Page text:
How to Use Exponents on a Scientific Calculator

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Scientific calculators have more functionality that business calculators, and one thing they can do that is especially useful for scientists is to calculate exponents. On most calculators, you access this function by typing the base, the exponent key and finally the exponent. Although this is the convention, it's always good to do a test, because some calculators may require you to enter the numbers in reverse order.

Scientific Vs. Business Calculators

Scientific calculators are easy to distinguish from business calculators because of their many extra function keys. If you aren't sure if you have a scientific calculator, try this calculation:

Enter (3+2*5 =) in that order. A scientific calculator will automatically do the multiplication first and give 13 as the answer. A business calculator will do the operations in the order you enter them and give 25.

Here are just a few of the functions on a scientific calculator that you won't find on a business calculator:

  • Negation: This key, denoted by NEG or (-) turns a positive number into a negative one. It is different from the subtraction key.
  • Square Root: Denoted by the square root sign, it automatically displays the square root of the number you enter.
  • Natural Logarithm: Denoted by LN, this key displays loge of the number you enter. 
  • Angle Functions: Scientific calculators have six keys the display the sine, cosine, tangent and the inverse of each for the number you enter.

In addition to these keys, scientific calculators usually have two keys for exponential functions:

  • Exponent: The key denoted by ^ or by capital E raises ay number to any exponent.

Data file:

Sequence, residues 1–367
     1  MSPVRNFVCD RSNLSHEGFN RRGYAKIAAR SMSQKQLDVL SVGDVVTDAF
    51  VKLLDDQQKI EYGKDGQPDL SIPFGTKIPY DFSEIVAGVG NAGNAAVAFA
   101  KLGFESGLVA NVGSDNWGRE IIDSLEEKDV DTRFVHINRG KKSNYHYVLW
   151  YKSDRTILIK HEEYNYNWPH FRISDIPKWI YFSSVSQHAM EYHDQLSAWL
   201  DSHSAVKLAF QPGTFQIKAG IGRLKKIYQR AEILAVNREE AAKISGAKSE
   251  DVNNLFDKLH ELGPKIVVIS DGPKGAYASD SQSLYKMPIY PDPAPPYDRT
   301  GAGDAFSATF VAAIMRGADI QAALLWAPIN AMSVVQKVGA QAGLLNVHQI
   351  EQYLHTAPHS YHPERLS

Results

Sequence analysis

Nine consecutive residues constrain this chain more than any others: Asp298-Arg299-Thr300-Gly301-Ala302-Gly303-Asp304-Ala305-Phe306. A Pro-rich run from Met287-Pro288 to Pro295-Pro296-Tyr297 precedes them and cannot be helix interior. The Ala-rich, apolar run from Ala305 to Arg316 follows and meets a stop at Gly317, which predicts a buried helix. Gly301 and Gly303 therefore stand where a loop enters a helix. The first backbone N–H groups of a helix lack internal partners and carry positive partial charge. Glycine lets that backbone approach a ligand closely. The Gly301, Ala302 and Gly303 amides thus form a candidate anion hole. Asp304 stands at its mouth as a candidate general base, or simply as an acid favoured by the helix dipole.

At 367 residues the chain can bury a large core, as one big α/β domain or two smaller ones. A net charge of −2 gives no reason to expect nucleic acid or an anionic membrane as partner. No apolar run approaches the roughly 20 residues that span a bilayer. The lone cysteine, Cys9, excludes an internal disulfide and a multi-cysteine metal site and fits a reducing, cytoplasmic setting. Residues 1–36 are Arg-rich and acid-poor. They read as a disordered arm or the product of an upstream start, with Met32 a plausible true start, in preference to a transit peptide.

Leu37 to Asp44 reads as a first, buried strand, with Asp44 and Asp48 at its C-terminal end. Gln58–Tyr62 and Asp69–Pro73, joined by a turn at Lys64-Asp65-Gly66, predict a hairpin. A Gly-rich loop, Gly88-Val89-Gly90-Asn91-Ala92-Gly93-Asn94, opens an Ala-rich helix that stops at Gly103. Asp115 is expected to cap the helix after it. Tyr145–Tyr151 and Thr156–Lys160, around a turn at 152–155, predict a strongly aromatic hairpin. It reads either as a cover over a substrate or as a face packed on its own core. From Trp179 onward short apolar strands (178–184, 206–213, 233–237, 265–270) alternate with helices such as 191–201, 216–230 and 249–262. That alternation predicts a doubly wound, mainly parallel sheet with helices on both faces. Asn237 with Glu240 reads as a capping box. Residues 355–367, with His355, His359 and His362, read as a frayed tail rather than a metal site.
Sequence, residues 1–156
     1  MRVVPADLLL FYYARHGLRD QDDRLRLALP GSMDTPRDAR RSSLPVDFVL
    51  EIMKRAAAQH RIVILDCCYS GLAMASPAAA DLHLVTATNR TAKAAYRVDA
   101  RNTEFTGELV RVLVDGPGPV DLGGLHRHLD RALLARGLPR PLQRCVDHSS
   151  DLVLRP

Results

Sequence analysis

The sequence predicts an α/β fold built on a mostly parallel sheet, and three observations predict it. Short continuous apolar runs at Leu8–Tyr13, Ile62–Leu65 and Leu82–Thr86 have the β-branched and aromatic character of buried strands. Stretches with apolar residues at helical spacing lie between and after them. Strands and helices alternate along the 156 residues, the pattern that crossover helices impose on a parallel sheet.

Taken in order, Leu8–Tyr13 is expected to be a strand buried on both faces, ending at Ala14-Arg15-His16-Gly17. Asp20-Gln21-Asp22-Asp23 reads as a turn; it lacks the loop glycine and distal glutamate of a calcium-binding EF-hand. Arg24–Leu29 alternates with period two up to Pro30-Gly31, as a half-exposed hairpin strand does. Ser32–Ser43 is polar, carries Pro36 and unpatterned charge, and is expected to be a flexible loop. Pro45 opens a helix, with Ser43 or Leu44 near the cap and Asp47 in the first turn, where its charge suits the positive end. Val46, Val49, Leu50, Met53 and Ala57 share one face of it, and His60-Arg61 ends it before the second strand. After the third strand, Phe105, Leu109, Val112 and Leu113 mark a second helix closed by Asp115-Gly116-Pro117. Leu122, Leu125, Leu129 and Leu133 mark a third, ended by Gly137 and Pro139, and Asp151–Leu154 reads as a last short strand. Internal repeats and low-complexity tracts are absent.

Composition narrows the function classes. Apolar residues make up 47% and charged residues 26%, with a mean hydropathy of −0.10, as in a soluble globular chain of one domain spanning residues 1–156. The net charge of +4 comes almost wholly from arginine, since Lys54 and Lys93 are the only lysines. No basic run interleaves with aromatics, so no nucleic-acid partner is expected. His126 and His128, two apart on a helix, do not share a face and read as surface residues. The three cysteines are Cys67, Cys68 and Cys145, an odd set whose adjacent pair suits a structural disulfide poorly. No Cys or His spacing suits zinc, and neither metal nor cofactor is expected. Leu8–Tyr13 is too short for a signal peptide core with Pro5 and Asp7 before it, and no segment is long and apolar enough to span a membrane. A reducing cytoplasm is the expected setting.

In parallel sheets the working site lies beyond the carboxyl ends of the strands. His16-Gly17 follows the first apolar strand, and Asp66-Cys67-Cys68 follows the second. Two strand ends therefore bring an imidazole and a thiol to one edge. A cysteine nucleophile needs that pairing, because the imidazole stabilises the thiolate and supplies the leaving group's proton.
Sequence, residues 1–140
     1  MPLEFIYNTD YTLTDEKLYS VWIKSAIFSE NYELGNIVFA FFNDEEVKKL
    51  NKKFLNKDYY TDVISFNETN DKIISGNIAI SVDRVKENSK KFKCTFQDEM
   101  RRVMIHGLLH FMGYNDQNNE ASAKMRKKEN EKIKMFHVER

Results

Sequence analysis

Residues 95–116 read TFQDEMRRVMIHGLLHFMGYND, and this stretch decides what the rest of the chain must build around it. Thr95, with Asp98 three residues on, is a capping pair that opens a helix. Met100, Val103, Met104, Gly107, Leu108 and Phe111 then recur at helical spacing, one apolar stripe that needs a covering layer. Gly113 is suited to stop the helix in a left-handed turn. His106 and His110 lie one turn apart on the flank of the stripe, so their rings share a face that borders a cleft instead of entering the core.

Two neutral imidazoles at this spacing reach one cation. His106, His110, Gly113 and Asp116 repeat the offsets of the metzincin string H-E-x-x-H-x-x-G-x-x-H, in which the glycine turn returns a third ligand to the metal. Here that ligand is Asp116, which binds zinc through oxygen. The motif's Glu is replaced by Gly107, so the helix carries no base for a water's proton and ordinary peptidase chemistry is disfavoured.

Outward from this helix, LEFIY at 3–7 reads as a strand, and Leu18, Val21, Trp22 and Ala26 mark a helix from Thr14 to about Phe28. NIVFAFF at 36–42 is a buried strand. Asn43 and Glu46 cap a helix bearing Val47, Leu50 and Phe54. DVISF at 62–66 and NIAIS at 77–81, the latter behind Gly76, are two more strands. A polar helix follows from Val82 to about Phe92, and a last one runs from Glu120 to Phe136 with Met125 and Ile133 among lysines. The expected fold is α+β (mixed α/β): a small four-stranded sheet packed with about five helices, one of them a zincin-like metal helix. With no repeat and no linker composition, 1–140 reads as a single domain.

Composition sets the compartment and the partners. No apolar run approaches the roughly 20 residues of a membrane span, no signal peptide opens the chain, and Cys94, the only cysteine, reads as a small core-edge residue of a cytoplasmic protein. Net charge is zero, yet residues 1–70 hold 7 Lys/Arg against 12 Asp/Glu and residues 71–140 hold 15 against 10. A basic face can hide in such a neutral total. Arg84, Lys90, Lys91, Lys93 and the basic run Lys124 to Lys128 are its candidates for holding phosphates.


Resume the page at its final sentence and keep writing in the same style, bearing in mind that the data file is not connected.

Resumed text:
• Natural Exponent: The key, denoted by ex, raises e to the power you enter. 

Using the Exponent Key

Suppose you want the value yx. On most calculators, you enter the base, press the exponent key and enter the exponent. Here's an example:

Enter 10, press the exponent key, then press 5 and enter. (10^5=) The calculator should display the number 100,000, because that's equal to 105. Before you start making a list of calculations, however, you should do a simple test to make sure your calculator isn't one of those that requires you to input the exponent first.

Enter the number 2, press the exponent key, then enter 3. The display should read 8. If it reads 9, that's because the calculator interpreted the input as 32 instead of 23. That means you need to enter the exponent before the base.

Some calculators have a key marked yx. This is the same as the ^ key. To find 105, enter 10, then the yx key, then 5 and hit the Enter or = key.

Reading Exponents

Some numbers, such as 265 billion, have too many digits to display on a calculator. When this happens, the calculator displays the number in scientific notation, using the letter E to denote 10 to the power of whatever number comes after it. For example, 265 billion appears on a scientific calculator as 2.65 E 11.

You can add, subtract, multiply and divide large numbers just as you would small ones, and the results will continue to appear in scientific notation a long as they continue to have too many digits to display.

Examples:

2.65 E 8 + 5.78 E 7 = 3.23 E 8.

2.65 E 8 / 5.78 E 7 = 4.58

References

About the Author

Chris Deziel holds a Bachelor's degree in physics and a Master's degree in Humanities, He has taught science, math and English at the university level, both in his native Canada and in Japan. He began writing online in 2010, offering information in scientific, cultural and practical topics. His writing covers science, math and home improvement and design, as well as religion and the oriental healing arts.

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